One of the things I enjoyed most about growing up in my Big (Crazy) Dominican Familia is that life was never boring. I could write a separate blog devoted to all the reasons why. Let’s just say that life with almost 30 (yes 30) aunts and uncles and over 100 (yes 100) first cousins is quite…vivacious. Our vibrancy is evident in just about every aspect of our lives, particularly in our food!
For the past few years, trying to develop a recipe for the roast chicken I enjoyed in my grandparents’ backyard during my childhood summer vacations in the Dominican Republic. The chickens were the freshest of fresh – raised by my grandpa, free to roam around the yard and the house and “laid to rest” by my grandma who then roasted them over an outdoor coal burning stove. We even had our own Dominican barbecue sauce. The result was finger lickin’, bone suckin’ delicious.
I always knew I would never make that same chicken out of my urban Brooklyn kitchen. But my belly craved something close to its robust, juicy goodness. Most roast chicken purists may turn a blind eye to this recipe. But seasoning chicken with just salt, pepper and a little olive oil is not how my family gets down.
So I want to say thank you to Latina Chef Daisy Martinez for this recipe which, I think, captures the essence of my familia – never boring, vibrant and chocked full of flavor. The recipe gets extra authenticity brownie points for being made with a mortar and pestle, my family’s “food processor” of choice.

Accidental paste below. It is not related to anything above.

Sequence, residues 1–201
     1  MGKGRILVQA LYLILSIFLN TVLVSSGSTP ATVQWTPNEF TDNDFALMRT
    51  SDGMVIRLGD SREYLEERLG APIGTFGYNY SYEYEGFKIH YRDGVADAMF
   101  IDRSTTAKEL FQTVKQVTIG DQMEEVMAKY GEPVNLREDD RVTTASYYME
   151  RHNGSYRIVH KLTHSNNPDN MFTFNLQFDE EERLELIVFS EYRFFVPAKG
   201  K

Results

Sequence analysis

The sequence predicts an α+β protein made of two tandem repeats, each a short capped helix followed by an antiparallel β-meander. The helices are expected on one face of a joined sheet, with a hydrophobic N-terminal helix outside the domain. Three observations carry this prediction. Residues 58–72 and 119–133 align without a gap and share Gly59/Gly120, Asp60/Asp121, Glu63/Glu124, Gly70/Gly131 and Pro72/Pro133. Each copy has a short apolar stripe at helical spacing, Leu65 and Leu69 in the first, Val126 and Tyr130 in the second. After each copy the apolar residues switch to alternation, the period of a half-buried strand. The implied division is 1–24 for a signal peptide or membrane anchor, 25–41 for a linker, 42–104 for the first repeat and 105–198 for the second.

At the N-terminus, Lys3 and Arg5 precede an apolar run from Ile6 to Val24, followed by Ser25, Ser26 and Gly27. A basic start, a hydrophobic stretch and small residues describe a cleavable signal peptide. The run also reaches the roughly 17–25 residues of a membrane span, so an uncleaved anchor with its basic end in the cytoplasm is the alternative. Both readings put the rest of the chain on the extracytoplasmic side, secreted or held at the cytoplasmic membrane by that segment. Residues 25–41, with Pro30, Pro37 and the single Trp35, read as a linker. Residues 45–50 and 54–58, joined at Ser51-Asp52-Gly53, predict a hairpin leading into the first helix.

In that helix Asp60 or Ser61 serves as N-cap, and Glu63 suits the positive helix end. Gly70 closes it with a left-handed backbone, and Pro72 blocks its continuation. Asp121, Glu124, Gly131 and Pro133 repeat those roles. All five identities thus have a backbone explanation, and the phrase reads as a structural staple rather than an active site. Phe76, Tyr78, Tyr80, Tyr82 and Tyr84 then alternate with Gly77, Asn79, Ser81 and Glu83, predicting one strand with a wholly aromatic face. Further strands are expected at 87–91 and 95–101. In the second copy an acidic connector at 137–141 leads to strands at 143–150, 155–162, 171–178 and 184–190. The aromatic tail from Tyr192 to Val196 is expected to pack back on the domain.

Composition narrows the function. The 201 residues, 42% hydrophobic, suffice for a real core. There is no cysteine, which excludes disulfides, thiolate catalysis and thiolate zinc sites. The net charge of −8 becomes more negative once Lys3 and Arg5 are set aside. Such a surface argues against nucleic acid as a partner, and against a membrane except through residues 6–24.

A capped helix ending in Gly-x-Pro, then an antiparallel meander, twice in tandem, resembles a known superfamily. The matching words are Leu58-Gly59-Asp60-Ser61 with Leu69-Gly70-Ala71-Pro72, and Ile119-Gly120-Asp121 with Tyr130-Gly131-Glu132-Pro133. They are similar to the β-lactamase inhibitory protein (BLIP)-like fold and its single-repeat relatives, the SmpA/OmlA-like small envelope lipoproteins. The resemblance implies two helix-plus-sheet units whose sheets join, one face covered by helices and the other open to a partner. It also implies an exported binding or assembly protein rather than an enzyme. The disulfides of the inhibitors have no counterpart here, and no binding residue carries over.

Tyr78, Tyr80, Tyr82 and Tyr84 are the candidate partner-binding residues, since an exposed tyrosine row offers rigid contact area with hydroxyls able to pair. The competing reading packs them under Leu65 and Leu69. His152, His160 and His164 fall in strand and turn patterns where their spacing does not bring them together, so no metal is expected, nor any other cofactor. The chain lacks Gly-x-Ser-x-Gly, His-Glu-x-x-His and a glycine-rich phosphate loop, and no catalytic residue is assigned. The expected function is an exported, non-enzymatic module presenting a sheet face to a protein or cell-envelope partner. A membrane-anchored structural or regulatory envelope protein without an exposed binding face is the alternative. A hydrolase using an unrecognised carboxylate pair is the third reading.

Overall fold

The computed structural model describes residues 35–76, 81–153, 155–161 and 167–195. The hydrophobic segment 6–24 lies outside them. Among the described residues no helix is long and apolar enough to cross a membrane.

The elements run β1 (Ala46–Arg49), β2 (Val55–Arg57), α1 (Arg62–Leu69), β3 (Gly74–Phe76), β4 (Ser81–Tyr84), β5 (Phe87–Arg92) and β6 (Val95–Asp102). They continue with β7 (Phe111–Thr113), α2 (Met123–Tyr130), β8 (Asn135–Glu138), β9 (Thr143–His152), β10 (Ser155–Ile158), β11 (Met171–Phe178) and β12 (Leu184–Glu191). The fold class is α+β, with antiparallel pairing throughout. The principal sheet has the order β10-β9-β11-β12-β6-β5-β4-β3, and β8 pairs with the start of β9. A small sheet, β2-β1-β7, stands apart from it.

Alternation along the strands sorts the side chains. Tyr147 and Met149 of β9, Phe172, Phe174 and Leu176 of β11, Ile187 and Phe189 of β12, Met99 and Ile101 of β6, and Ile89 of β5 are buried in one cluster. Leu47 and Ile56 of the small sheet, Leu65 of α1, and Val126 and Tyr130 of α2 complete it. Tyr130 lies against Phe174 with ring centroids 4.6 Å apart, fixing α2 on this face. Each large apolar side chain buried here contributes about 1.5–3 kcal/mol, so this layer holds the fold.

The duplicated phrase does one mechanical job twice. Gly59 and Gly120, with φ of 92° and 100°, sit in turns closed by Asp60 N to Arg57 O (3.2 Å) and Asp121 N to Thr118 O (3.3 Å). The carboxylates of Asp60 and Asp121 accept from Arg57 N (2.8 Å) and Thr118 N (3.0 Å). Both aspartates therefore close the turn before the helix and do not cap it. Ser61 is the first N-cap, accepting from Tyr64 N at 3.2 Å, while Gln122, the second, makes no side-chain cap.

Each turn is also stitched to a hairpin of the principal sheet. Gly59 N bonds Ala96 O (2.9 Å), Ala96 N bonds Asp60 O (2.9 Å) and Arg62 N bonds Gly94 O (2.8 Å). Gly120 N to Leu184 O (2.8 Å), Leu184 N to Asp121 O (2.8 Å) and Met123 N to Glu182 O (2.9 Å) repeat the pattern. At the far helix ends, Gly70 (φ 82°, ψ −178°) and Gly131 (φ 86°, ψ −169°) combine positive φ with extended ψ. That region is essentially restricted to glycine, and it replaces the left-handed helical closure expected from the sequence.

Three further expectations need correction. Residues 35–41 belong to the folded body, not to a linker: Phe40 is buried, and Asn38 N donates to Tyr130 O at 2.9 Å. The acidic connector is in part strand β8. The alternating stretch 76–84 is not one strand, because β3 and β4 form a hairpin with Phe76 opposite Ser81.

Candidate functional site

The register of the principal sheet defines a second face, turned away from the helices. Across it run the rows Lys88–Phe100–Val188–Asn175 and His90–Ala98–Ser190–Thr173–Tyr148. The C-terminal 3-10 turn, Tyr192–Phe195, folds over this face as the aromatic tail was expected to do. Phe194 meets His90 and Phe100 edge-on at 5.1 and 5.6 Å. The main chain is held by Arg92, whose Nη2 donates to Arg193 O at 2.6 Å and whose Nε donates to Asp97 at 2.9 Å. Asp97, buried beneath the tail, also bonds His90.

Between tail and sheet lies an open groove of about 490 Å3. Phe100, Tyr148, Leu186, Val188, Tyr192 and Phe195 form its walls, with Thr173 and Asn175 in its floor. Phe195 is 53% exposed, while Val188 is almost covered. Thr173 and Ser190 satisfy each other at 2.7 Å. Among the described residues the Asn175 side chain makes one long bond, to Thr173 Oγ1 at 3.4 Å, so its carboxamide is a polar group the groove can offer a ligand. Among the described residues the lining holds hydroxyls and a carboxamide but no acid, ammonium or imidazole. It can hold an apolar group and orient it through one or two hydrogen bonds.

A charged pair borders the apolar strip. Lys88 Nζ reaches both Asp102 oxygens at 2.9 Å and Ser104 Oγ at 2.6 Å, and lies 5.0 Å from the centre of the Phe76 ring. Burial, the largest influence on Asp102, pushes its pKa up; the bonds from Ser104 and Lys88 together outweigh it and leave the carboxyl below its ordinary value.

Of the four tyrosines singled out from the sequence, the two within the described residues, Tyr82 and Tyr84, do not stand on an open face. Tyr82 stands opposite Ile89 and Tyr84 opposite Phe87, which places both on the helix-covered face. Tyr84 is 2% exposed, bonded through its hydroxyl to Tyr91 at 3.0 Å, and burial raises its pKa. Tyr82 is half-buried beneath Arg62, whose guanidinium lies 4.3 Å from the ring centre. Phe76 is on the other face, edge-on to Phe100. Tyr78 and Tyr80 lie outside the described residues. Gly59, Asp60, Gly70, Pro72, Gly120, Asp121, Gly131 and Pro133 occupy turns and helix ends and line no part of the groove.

It’s slightly adapted, with the addition of smoked Spanish paprika for extra color and warmth. I also swapped the vinegar for bitter orange juice. If you can’t find whole bitter oranges, you can substitute with a product Goya makes called Bitter Orange Marinade. Bitter oranges don’t taste very good on their own but are great for adding extra tang to meats, stews and soups and widely used in the Dominican Republic.
Not only is this chicken’s flavor spot on but (if you follow the cooking instructions) it is the JUICIEST chicken you will ever sink your teeth into. Do yourself a favor and make two at a time. It’s in heavy rotation in my home right now and, even in the middle of the summer, totally worth cranking up the oven.
Pollo Asado (Latin Roast Chicken)
One 4-pound chicken, washed and patted dry inside and out
10 cloves garlic, peeled
1 tablespoon fine sea or kosher salt
1 tablespoon black peppercorns
2 tablespoons dried oregano
1 teaspoon smoked Spanish paprika
2 tablespoons olive oil
2 tablespoons bitter orange juice (or Goya Bitter Orange Marinade)
Preheat the oven to 500 degrees.
Using a mortar and pestle, pound the garlic and salt into a paste. Add the peppercorns, oregano and paprika continuing to pound after each addition to incorporate them evenly into the paste. Then stir in the olive oil and sour orange juice to combine.
Gently work your fingers between the meat and the skin that covers the breast, legs and thighs of the chicken, being careful not the break the skin and just loosen it. Then continue to use your fingers to rub the garlic paste under the skin all over the chicken as well outside and inside (cavity) of the chicken.
Using kitchen twine, truss the chicken with kitchen twine and set on the rack of a roasting pan. Roast for 30 minutes. Then lower the heat to 400 degrees, and continue to roast for an additional 45 minutes or until a meat thermometer reads 165 degrees when inserted where the thigh meets the backbone. (Depending on your oven, if your chicken browns too quickly, loosely tent it on top to keep it from burning.)
Let the chicken rest for about 10 minutes before carving and serving.